Accusations of Campaign Violations Mount in Venezuela’s Race for President

Accusations between the Chavez campaign and the Manuel Rosales campaign have been flying this past week, that the other side is violating campaign regulations. Communications Minister Willian Lara spoke of a propaganda campaign to pressure the electoral council to rule against the President's campaign.

Caracas, Venezuela, September 5, 2006—Accusations between the Chavez campaign and the Manuel Rosales campaign have been flying this past week, that the other side is violating campaign regulations. The main charges from Rosales supporters is that Chavez is using state funds for his campaign and receiving too much coverage from state TV, while Chavez supporters say Rosales is using subliminal advertising and that the private media are not giving fair coverage to the president.

According to representatives from the Chavez campaign team, known as “Commando Miranda,” an official state government TV ad for the achievements of Zulia governor Manuel Rosales included a subliminal message in favor of Rosales’ presidential campaign. Alvin Lezama, the director of Venezuela’s telecommunications commission, CONATEL, visited the news channel Globovisión yesterday, to investigate the accusation.

Presidential candidate Manuel Rosales responded to the accusation, saying that it was nothing more than “a smokescreen” to distract from the large sums of state money Chavez is spending on his electoral campaign. Rosales specifically referred to last Friday’s pro-Chavez rally, which he said must have cost a fortune to organize.

Gerardo Blyde, who is one of Rosales’s campaign managers, said the state television’s coverage of the president’s rally and of Rosales’s campaign activities that day were completely unbalanced. According to Bylde, state TV covered “Chavez for 165 minutes and Rosales for 11 minutes.”

Meanwhile, Venezuela’s Minister of Information and Communication, Willian Lara, and the Commando Miranda accused the private mass media of launching a propaganda campaign against the President. Lara said that the propaganda campaign is aimed at pressuring the National Electoral Council (CNE), which oversees the campaign rules, to censure the President for his frequent television appearances.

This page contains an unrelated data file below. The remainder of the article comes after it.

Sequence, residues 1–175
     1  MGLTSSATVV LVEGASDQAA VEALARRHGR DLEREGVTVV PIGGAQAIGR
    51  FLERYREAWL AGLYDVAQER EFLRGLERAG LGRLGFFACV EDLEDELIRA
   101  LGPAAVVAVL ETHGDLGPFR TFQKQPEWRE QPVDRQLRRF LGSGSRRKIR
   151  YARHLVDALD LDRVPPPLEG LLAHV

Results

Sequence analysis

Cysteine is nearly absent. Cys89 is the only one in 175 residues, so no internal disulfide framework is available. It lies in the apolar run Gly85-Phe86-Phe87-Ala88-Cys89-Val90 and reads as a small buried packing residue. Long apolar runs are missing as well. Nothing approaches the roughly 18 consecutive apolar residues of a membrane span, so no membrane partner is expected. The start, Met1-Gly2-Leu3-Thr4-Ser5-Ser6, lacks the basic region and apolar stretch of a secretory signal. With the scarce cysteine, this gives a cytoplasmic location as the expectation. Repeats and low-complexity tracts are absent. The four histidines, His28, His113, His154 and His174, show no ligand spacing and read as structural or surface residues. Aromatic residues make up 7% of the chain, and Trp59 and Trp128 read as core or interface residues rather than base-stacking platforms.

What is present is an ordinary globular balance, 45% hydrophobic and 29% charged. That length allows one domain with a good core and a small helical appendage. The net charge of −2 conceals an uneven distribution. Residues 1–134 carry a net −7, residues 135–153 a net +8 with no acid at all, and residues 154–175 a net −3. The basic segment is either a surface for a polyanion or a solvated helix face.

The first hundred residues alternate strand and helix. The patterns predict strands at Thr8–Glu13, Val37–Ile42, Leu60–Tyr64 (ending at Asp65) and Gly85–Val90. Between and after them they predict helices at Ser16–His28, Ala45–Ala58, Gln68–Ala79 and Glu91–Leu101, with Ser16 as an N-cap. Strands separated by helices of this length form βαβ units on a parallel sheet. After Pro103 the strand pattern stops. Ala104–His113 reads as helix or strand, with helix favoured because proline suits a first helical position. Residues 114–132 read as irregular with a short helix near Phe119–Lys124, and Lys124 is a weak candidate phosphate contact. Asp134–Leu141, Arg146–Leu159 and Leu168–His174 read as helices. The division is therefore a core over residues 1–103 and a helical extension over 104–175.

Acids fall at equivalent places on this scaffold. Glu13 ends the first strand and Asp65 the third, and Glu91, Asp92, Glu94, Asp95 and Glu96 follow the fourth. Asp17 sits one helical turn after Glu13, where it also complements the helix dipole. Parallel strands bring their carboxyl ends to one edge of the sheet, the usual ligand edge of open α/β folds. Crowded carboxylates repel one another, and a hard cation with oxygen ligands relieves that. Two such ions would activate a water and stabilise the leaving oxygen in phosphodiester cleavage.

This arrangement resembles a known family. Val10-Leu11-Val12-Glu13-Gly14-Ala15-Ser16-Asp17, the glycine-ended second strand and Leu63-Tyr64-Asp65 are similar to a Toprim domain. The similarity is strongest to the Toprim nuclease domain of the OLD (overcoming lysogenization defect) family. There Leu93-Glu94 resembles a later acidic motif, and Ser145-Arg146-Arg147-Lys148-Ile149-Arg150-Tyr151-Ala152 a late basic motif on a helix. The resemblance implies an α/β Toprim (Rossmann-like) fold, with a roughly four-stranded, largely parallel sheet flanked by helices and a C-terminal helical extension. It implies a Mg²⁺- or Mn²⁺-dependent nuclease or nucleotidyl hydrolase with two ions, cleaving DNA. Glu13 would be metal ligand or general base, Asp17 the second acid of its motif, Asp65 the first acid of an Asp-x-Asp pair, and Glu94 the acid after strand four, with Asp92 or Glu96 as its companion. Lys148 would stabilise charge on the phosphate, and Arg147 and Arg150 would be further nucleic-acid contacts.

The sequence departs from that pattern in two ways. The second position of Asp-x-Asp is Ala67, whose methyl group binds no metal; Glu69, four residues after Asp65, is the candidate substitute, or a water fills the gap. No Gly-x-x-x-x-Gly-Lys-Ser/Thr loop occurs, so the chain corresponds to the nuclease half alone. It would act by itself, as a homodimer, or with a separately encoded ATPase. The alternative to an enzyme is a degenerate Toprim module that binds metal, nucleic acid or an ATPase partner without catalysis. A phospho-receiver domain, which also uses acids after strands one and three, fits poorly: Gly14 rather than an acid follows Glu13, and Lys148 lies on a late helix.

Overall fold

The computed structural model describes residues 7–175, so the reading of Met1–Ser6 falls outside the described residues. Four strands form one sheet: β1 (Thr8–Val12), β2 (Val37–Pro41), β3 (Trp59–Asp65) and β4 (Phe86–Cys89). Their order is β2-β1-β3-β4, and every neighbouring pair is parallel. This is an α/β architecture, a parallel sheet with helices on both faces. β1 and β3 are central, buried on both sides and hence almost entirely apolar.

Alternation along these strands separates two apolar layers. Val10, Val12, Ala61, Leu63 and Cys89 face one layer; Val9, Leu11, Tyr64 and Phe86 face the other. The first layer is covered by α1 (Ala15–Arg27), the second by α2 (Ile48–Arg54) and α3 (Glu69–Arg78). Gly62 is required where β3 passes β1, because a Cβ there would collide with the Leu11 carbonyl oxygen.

According to Lara, the state media have been scrupulous in balancing President Chavez’s campaign activities with those of opposition candidates. However, “if an [official] event of the head of state coincides with that of a candidate for the presidency, professional criteria indicate that greater prominence should be given to the event of the President.”

Hiroshima Bravo, of the Commando Maisanta, argued that the CNE rules specify that each candidate should have at least two minutes of TV coverage per day. However, in the private broadcast media representatives from the Chavez campaign are not given any opportunity to present themselves. “It’s 24 hours per day against our candidate,” said Bravo. “The majority of journalists in these media appear to be spokespersons for the opposition,” she added.

Another campaign related dispute erupted when officials of the pro-Chavez coalition party PPT (Fatherland for all) complained to the CNE that Manuel Rosales’s new political party, A New Time, is using the same color blue as its official party color as the PPT has been using since its founding in 1997.

The CNE announced that it would examine all of these allegations and would try to issue a ruling as soon as possible.

As of last week, according to the daily El Universal, 87 complaints of campaign rules violations have been filed with the CNE. Of these, 38 were filed by the CNE’s own officials, 11 by citizens, two by the president of the CNE commission in charge of overseeing adherence to the rules, and 32 were received via the CNE website.

80% of the complaints deal with violations supposedly committed by the Chavez campaign, 19% by the Rosales campaign, and 1% by the Rausseo campaign. Benjamin Rausseo is an independent candidate.